In 1908, William McDougall published the first edition of An Introduction to Social Psychology. Paradoxically, the book presented his theory of personality. In the Preface to the 14th edition, McDougall defended his choice of that title by arguing that one cannot understand social psychology without first accounting for “the innate tendencies of human nature and their organization under the touch of individual experience to form the characters of individual men” (1919/1963, p. xvii). He continued throughout his career to maintain that dispositional tendencies must be considered as fundamental and indispensable postulates for all psychology (McDougall, 1938).
We agree with McDougall that understanding personality structure, development, and dynamics is prerequisite to explaining adult social behaviour. Many behaviourists, sociologists, and social psychologists, however, vehemently disagree with this core assumption of personality psychology and argue instead that behaviour is a function of the situation in which it occurs. As a result, the literature contains recurring cycles of debate about the existence and importance of personality traits (Allport, 1937, ch. 11; Magnusson & Endler, 1977; Mischel, 1968; Murphy, 1947, ch. 38; Sanford, 1956; Watson & McDougall, 1929). At present, the idea that internal dispositions have an important influence on behaviour appears to be enjoying increased acceptance (Kenrick & Fun der, 1988; Rowe, 1987). Whether or not the status and popularity of personality psychology will continue to be cyclical, we believe that Mc-Dougall's conceptualisation must be taken seriously for the simple reason that it is essentially correct.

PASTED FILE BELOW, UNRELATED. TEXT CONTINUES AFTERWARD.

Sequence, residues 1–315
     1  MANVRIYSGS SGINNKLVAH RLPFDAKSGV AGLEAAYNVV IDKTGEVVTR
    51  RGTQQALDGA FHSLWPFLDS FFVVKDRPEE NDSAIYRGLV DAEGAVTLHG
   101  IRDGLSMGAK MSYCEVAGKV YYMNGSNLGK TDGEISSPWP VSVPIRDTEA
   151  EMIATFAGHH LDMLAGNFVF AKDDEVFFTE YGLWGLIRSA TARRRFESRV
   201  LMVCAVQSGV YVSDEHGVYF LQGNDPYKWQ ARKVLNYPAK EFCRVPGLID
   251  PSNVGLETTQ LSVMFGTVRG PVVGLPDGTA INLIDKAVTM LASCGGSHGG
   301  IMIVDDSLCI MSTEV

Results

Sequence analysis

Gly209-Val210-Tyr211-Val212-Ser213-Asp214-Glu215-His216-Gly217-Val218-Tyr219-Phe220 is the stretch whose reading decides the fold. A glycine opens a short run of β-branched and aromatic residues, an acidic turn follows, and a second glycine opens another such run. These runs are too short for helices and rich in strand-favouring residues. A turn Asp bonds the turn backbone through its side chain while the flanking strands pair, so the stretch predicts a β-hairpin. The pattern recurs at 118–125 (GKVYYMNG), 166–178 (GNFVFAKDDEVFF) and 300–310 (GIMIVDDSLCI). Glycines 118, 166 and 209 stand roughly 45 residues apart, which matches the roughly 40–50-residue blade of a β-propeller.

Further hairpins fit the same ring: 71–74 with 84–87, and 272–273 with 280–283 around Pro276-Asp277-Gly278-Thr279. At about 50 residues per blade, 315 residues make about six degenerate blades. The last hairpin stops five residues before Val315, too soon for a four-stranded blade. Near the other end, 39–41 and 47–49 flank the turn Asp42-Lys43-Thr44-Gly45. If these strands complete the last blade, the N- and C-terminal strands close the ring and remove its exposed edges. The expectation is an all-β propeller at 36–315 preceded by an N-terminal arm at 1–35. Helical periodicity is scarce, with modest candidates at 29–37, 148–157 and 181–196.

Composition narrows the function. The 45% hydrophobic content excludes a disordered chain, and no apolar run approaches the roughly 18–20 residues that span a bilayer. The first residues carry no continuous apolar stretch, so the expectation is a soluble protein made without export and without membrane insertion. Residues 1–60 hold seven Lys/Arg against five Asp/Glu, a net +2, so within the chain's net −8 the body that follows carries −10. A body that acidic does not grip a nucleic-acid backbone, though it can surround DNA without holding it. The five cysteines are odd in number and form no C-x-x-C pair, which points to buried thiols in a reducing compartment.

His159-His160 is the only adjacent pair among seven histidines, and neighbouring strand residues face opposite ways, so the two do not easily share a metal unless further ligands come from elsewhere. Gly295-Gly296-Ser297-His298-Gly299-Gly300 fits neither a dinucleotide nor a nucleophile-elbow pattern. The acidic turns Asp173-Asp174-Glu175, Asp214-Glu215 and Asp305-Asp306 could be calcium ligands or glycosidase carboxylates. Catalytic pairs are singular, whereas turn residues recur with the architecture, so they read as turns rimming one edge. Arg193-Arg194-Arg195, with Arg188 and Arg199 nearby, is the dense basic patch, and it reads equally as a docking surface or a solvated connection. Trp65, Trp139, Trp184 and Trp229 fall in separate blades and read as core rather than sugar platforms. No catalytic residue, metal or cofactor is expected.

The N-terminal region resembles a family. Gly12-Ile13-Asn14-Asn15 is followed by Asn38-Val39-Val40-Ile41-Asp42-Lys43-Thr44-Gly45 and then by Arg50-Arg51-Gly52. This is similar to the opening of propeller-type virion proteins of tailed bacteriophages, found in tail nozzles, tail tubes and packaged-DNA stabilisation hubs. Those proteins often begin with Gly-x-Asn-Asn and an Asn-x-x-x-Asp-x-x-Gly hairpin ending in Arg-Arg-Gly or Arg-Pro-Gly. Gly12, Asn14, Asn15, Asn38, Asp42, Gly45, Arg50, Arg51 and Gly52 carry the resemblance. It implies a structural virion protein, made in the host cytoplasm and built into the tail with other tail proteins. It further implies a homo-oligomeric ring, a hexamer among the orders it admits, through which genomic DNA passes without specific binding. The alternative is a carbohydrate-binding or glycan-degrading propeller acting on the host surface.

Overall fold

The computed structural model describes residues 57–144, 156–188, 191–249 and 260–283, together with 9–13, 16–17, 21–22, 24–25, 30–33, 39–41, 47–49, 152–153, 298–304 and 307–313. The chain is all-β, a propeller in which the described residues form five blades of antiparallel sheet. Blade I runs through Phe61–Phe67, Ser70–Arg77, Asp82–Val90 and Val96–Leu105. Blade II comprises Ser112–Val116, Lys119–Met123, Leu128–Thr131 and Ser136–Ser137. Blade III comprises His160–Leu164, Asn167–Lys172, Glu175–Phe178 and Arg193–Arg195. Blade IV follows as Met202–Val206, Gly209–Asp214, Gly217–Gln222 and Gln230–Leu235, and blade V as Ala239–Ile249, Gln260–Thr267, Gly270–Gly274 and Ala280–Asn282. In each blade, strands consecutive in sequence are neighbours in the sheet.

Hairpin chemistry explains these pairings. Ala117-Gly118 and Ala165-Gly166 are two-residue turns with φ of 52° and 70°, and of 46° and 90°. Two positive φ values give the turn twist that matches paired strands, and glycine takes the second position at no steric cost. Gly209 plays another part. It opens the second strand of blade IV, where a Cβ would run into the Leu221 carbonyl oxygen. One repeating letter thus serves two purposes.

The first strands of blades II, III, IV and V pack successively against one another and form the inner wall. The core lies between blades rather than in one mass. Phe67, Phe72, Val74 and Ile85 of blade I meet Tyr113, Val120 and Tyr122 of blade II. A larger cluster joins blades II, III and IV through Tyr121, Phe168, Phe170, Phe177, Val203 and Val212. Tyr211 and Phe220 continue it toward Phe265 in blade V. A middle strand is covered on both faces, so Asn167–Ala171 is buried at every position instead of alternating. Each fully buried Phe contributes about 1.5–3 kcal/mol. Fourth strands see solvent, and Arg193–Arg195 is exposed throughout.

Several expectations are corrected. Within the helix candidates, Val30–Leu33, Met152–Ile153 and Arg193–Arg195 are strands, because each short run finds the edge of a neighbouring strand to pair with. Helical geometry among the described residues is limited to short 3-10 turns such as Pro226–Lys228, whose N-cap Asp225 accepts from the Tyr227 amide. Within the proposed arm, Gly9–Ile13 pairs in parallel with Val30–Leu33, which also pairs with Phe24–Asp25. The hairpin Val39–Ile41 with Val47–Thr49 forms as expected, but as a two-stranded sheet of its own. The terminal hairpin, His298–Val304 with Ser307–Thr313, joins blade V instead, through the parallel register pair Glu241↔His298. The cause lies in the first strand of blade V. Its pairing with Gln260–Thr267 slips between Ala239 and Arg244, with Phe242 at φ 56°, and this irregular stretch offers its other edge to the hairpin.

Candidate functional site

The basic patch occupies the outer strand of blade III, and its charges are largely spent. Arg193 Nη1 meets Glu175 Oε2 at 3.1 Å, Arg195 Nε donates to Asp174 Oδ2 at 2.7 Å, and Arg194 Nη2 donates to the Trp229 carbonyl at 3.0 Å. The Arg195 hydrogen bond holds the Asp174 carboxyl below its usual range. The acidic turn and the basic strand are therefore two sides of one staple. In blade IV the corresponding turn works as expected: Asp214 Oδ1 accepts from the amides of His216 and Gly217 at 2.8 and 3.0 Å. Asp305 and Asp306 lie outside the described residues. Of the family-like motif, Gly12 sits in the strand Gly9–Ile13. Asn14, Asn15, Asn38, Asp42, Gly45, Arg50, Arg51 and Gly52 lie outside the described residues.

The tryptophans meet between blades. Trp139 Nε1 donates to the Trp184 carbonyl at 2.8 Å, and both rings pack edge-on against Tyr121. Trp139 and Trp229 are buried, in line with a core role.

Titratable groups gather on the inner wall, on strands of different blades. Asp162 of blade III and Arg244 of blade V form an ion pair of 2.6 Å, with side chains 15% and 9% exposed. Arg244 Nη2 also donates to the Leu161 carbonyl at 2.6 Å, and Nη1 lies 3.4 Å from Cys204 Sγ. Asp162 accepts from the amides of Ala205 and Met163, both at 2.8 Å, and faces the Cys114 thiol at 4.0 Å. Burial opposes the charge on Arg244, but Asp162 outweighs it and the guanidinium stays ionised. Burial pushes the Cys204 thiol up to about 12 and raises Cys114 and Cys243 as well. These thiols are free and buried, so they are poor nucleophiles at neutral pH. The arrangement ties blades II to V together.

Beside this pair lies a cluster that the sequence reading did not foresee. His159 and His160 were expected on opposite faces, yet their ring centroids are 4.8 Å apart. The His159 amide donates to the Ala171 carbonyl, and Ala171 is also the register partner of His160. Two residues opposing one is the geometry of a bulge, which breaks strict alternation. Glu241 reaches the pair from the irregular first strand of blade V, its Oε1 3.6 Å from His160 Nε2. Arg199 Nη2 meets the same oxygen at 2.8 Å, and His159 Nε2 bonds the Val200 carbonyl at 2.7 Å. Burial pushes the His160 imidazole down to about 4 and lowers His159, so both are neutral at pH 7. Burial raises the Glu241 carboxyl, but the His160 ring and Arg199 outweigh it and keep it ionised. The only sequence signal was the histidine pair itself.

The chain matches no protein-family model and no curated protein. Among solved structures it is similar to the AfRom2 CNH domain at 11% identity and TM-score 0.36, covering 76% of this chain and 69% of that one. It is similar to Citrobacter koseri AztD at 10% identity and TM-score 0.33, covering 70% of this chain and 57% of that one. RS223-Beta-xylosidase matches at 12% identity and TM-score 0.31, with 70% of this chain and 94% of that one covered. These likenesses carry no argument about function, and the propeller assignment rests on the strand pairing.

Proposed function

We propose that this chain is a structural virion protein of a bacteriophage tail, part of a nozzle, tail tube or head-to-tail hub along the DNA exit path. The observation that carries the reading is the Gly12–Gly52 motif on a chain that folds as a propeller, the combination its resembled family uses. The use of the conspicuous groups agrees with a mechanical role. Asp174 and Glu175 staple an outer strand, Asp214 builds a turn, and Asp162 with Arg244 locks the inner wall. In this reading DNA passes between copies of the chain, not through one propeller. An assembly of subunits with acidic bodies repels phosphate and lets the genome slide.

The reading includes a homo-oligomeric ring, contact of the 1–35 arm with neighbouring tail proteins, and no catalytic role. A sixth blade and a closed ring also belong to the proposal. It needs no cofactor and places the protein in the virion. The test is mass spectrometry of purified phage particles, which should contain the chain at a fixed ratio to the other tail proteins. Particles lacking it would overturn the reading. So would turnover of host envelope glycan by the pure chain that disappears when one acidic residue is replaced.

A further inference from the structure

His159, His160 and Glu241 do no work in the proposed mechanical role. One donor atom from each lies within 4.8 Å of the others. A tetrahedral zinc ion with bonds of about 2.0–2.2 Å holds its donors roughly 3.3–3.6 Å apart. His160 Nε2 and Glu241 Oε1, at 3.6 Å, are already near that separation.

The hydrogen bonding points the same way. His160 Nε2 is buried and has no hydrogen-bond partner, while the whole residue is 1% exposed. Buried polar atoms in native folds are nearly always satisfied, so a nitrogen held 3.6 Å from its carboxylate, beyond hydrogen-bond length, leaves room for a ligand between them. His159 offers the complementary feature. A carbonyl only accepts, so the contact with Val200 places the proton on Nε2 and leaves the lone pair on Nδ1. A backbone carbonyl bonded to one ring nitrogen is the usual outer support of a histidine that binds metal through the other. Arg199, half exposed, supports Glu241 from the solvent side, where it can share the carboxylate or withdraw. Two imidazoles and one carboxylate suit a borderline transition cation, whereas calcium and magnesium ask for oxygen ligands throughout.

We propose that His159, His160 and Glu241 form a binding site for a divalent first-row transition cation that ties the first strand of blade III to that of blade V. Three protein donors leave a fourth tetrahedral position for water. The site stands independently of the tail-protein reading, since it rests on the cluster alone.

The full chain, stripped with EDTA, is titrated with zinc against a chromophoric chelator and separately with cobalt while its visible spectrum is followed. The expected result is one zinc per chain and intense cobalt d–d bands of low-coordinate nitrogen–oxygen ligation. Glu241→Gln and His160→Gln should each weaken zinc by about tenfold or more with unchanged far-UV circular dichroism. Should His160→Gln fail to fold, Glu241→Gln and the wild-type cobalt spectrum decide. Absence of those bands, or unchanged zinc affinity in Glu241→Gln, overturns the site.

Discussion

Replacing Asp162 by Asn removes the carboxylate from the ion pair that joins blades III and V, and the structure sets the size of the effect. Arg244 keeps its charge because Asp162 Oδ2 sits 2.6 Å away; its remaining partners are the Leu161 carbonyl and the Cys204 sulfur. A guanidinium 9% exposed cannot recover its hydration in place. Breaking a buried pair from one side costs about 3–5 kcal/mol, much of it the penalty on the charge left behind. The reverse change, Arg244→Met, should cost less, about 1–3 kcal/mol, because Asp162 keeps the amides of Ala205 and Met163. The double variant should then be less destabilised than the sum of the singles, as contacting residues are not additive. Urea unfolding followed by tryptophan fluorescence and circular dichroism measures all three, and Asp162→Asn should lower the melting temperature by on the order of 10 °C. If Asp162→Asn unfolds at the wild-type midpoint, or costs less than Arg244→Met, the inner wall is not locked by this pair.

In this chapter we take the position that a trait approach is the indispensable foundation for a complete psychological understanding of shyness.